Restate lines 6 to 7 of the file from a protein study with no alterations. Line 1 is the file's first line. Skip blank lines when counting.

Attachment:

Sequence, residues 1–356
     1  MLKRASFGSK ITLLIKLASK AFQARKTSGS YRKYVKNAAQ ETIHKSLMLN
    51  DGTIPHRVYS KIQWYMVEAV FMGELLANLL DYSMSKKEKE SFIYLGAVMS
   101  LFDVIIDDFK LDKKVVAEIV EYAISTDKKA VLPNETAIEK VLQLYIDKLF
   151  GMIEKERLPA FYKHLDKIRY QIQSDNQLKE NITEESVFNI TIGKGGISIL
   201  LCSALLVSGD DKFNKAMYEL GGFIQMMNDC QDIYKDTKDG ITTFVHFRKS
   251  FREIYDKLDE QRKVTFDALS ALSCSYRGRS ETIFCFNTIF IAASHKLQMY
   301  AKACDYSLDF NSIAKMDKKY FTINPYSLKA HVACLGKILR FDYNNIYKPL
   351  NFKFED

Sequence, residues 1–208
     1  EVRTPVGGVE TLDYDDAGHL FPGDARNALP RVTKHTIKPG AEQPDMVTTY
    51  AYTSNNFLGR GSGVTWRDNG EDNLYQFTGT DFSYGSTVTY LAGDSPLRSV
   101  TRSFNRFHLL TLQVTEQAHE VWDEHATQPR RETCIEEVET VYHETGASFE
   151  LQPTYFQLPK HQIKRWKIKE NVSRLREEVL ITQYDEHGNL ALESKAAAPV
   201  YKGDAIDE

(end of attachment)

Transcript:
   201  LCSALLVSGD DKFNKAMYEL GGFIQMMNDC QDIYKDTKDG ITTFVHFRKS
   251  FREIYDKLDE QRKVTFDALS ALSCSYRGRS ETIFCFNTIF IAASHKLQMY